China’s investments in Pakistani-administered Kashmir seen as a “blow” for India

Pakistan and a close ally of China have officially launched the construction of a multibillion-dollar dam in the Pakistani-administered part of the disputed Kashmir region, ignoring the objections of its Indian rival to the project.

Pakistani Prime Minister Imran Khan visited the site on Wednesday with senior military leaders and the Chinese ambassador in Islamabad to mark what officials called “historic marking.”

The Diamer Bhasha multipurpose dam is expected to be completed in 2028, at a total cost of more than $ 8 billion. It is expected to generate 4,500 megawatts of inexpensive and clean electricity.

“This will be Pakistan’s third large dam, as neighboring China has built nearly 5,000 large dams out of more than 80,000 dams in total,” Khan said.

The dam, with a usable storage capacity of about 6.5 million acre-feet of water, will rise to a height of 272 meters in the northern Gilgit-Baltistan region, about 400 kilometers from the only overland passage from Pakistan to China.

Officials said the project would also help with flood control and add 1.2 million acres of farmland, in addition to creating 16,000 jobs for local residents.

A consortium of the state-owned China Power and the Pakistani military’s commercial wing, Frontier Works Organization (FWO), is building the project on a 70 to 30 ratio.

India, which controls most of Kashmir and claims it in its entirety, just like Pakistan, has denounced the project as a violation of its territorial sovereignty.

The Pakistani and Chinese governments dismissed the Indian concerns as misplaced, insisting that the economic collaboration aims to improve “the well-being of the local population.”

CPEC collaboration

The dam, however, is not part of the ongoing multibillion-dollar China-Pakistan Economic Corridor (CPEC) project, a centerpiece of President Xi Jinping’s global Belt and Road Initiative (BRI).

Beijing also signed two agreements with Islamabad as part of the CPEC last month to directly invest up to $ 4 billion in the development of two hydroelectric projects in Kashmir, with a total capacity of around 1,800 megawatts.

Michael Kugelman, deputy director of the Asia program at the Washington-based Wilson Center, sees growing Chinese investment in Pakistani-administered Kashmir as a blow to India.

“These measures will bring an additional point of tension to an Indo-Chinese relationship which is already more strained now than it has been for several decades,” he said.

Kugelman was referring to last month’s border clash between the two Western Himalayan countries in which 20 Indian soldiers were killed. Chinese and Indian officials are currently engaged in talks to ease tensions.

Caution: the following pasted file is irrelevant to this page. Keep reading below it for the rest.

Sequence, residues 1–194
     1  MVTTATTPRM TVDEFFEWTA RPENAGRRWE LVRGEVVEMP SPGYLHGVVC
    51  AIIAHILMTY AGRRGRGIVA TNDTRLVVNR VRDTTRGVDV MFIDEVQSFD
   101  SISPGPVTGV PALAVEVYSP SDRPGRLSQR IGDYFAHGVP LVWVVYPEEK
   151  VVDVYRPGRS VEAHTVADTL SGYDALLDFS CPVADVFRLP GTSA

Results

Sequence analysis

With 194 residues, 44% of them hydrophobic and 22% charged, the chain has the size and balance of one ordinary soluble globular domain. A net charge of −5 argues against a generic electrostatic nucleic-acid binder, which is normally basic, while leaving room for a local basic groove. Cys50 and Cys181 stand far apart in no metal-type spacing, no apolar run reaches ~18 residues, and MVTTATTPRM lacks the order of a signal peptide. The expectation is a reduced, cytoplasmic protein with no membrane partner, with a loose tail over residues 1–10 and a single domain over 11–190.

“We can also read them, in part, as a provocative response from Beijing and Islamabad to growing verbal threats from India in recent months to make some sort of movement on Pakistani-administered Kashmir,” Kugelman said.

Indian leaders have repeatedly asserted in recent months that militants are preparing to infiltrate Indian-controlled Kashmir from the Pakistani side and have warned of cross-border military counteraction that will fuel mutual tensions.

China has invested around $ 29 billion in Pakistan, including direct investment, soft loans and grants, which has built or constructed power plants, roads, railways, the new deep-water port of Gwadar and an adjacent international airport in Balochistan province.

Chinese and Pakistani officials say the investment created around 75,000 jobs for locals and effectively reduced, if not ended, years of crippling blackouts in Pakistan.

“Despite the COVID-19 epidemic, work on the CPEC is in full swing and new projects within the framework of mutual collaboration will be launched in the coming days,” Asim Saleem Bajwa, an assistant to the prime minister who oversees the huge program, said at a recent meeting of Pakistani and Chinese officials.

Bajwa was apparently responding to reports that the coronavirus pandemic has slowed work on CPEC projects.

“Debt trap”

CPEC’s investments, however, have worried critics in Pakistan and abroad, who have expressed concern and skepticism in the wake of the financial crisis facing the country.

The United States also criticized the bilateral engagement.

Alice Wells, who recently retired as the Trump administration’s senior diplomat for South and Central Asia, had publicly warned that Chinese investments under the CPEC could become a government trap. long-term debt for Pakistan, citing relatively high costs and an alleged lack of transparency in contracts, among other concerns.

“Hopefully, not at the expense of Pakistan’s sovereignty, environment, debt sustainability or corruption. Now is the right time to renegotiate BIS terms which, in hindsight, were disadvantageous or one-sided, ”Wells tweeted earlier this month.

She was responding to Khan’s comments that his government would complete the $ 40 billion to $ 60 billion CPEC project “at any cost” because it is “Pakistan’s future”.

Islamabad and Beijing vehemently dismissed unwarranted concerns that CPEC is a “debt trap” or a burden on the Pakistani economy.

“The CPEC, as the flagship of the BRI, is already a success and has entered its second phase successfully,” noted Mushahid Hussain, who heads the Pakistani Senate’s foreign affairs committee. “Energy and infrastructure projects were completed on schedule, 75,000 Pakistanis got jobs in BRI projects and 28,000 Pakistani students are studying in China.